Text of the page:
The Johnson Publishing Company, Inc., a corporation (appellant), published among other publications the Jet Magazine. It sought to show a basis for the statements from so-called "source materials." These "source materials" were taken from the Morning Advocate published in Baton Rouge, La., an article published in Chicago *447 Sun Times and an associated Negro press release. We have carefully examined these articles but in each of these articles it was stated that Davis was "charged with" or was "accused" of attacking Abernathy. Only Jet Magazine made the statement that "Davis had attacked Reverend Abernathy with a hatchet and pistol." The editor of Jet Magazine testified that he saw no distinction between a statement that someone had committed a crime and a statement that he had been "charged with" a crime.

With reference to the statement in Jet Magazine that Davis "had resigned his job in a Greenville, Alabama, grade school following charges of having sex relations with students," the undisputed testimony showed that Davis had voluntarily left his job in Greenville as a high school teacher, not grade school, after obtaining a teaching position in the public schools of Montgomery. He had been given a recommendation for the Montgomery position by the Superintendent of Schools in Greenville. He had actually been reemployed in Greenville for the next school year at the time he resigned.

According to the testimony of Davis he had never had a date with a student in Greenville. He had not had sexual relations with any of the students and to his knowledge had never been so charged until after the statement appeared in Jet Magazine.

The Johnson Publishing Company sought to justify its statement by a telephone conversation which its reporter had with the Superintendent of Schools in Greenville, Alabama, Hubert Terrell. This conversation took place several days prior to the publication of the statement. However, Hubert Terrell testified that he knew of no facts which would indicate that Davis' resignation was other than voluntary. According to his testimony in his telephone conversation with the reporter from Jet Magazine, he read the letter of resignation from Davis and referred to Davis' personnel records as being absolutely clean.

Hubert Terrell further testified that he had mentioned to the reporter an incident shortly before the resignation of Davis when several Negro citizens came to his office to protest the rehiring of the principal of one of the Negro schools. In stating their objections to the principal, one or more of the group stated that the principal should be discharged for rehiring Edward Davis because Davis was the father of certain children born to unwed student mothers. Hubert Terrell testified, however, that he told the Jet Reporter that he did not investigate these statements and did not know whether they were true. He further testified that he knew of no facts "which in any way reflected on Davis' performance as a teacher."

The absence of foundation to the report about Davis was in our judgment shown by the testimony of the persons who had desired the removal of Davis. Not a single one of them could give any facts to support the alleged rumor about Davis. Arthur Johnson, an executive of the Johnson Publishing Company, testified that he had heard that Davis was the father of a child born to Ruth Howard, but he could not give the name of a person who had ever stated that Davis was the father of the child. Ruth Howard took the stand later and stated that Leavy Kelly was the father of the child, who was named Leroy Kelly and that Leavy Kelly had always acknowledged the fact, had paid all expenses of the baby's birth, gave her money for its support and paid for an insurance policy on the child. She testified that she had never had sex relations with Davis nor had she had a date with him.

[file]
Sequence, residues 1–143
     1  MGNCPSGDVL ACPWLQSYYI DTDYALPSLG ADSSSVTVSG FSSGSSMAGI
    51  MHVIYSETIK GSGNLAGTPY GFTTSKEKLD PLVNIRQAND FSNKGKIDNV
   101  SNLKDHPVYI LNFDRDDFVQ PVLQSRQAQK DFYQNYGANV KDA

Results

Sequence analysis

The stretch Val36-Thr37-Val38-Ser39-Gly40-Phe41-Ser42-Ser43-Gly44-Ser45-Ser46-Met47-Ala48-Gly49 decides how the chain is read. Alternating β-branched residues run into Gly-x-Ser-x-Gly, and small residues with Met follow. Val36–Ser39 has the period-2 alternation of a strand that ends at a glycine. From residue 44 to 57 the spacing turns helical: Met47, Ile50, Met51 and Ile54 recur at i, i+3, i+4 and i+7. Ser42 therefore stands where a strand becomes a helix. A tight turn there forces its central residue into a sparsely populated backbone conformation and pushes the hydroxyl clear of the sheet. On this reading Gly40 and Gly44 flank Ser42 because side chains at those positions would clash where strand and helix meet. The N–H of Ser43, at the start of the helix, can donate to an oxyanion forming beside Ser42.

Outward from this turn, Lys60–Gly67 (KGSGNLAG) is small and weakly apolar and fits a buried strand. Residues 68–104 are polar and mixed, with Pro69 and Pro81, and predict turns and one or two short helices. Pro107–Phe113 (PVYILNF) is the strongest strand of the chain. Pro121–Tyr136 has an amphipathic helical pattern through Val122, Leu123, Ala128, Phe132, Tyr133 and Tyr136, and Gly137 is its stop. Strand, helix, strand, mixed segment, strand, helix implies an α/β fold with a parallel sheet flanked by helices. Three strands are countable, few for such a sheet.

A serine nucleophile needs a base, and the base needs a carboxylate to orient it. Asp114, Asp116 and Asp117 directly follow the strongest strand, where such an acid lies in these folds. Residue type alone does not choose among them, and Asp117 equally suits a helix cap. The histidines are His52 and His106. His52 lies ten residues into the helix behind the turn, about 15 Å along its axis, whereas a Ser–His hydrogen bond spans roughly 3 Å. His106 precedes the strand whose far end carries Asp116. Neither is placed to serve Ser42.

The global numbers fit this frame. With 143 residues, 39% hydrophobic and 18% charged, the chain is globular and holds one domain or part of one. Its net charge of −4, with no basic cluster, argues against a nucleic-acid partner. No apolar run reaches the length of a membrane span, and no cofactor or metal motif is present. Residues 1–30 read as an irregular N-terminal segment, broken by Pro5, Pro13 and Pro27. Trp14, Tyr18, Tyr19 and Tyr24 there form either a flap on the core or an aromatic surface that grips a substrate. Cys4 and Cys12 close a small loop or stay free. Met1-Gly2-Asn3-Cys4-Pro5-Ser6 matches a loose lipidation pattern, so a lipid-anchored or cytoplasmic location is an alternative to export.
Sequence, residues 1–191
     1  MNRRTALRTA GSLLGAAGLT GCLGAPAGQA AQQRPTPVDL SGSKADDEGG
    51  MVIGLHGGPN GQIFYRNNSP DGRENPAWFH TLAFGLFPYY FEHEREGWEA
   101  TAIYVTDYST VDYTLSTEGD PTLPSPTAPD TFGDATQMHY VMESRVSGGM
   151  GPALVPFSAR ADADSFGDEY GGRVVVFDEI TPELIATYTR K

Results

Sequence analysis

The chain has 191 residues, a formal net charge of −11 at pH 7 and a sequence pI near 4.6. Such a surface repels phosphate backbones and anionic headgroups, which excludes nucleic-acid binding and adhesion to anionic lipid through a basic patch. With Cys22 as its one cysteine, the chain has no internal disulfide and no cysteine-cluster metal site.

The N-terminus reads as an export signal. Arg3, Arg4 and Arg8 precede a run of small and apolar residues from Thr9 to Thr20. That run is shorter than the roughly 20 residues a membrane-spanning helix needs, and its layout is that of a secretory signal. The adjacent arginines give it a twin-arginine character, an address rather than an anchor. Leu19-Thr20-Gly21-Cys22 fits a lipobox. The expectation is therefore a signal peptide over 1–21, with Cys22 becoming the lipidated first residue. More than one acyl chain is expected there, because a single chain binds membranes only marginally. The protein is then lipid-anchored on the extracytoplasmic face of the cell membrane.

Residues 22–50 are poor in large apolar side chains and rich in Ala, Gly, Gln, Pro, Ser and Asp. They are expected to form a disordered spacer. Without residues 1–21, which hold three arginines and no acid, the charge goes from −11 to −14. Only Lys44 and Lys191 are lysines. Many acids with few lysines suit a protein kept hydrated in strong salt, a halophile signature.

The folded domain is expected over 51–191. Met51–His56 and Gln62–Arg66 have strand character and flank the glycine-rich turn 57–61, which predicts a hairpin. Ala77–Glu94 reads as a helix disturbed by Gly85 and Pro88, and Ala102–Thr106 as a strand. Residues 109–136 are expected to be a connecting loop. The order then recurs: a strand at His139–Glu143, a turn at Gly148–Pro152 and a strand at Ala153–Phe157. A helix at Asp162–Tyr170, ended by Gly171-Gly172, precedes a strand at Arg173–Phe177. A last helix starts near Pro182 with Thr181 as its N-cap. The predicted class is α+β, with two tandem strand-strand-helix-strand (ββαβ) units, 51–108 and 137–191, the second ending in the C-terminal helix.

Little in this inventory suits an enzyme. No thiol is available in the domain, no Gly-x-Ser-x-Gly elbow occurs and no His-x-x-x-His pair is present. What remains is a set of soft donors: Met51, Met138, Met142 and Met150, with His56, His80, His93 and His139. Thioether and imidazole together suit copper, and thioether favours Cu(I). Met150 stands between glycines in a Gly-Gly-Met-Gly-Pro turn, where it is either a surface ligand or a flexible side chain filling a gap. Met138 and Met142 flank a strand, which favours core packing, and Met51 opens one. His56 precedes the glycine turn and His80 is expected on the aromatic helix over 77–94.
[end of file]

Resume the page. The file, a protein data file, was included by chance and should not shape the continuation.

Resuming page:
It was stated in behalf of the defendant that Davis was the father of a child born to Daisy Gulley. However, the undisputed testimony shows that Davis had never dated Daisy Gulley, that Davis had been attending school in Indiana for a full three months in 1958 during which time the baby of Daisy admittedly was conceived. The birth certificate of the child *448 was introduced in evidence. It is a public record. It showed that the child's father was Robert Anthony Weaver, that the child was named for him and that the father was married to Daisy Gulley at the time of the child's birth. Daisy Gulley was subpoenaed as a witness by the Johnson Publishing Company. There was no evidence to justify the contention that Davis was the father of this child.

Testimony was presented by the defendant in an effort to prove that Davis had molested a student, Dorothy Jean Sanford. The Superintendent of Schools in Butler County testified that the charge against Davis concerning Dorothy Jean Sanford was presented to him approximately a year and a half before Davis resigned. He testified that he personally investigated the charge and at the conclusion of his investigation was satisfied "that there was no basis for the charge that Edward Davis had molested this student." He further testified that Davis had been reemployed twice following the investigation of this incident. This witness further testified that as superintendent it was his responsibility to recommend to the board of education whether a teacher should be reemployed and that he would not have recommended the reemployment of Edward Davis if he had believed that there was any "substantial ground for believing that the teacher had had sex relations with the students."

Dorothy Jean Sanford herself testified that she had not been in the school where Davis taught for a year prior to his resignation and she further testified that she had heard nothing about the incident for a year and a half prior to the time that Davis resigned.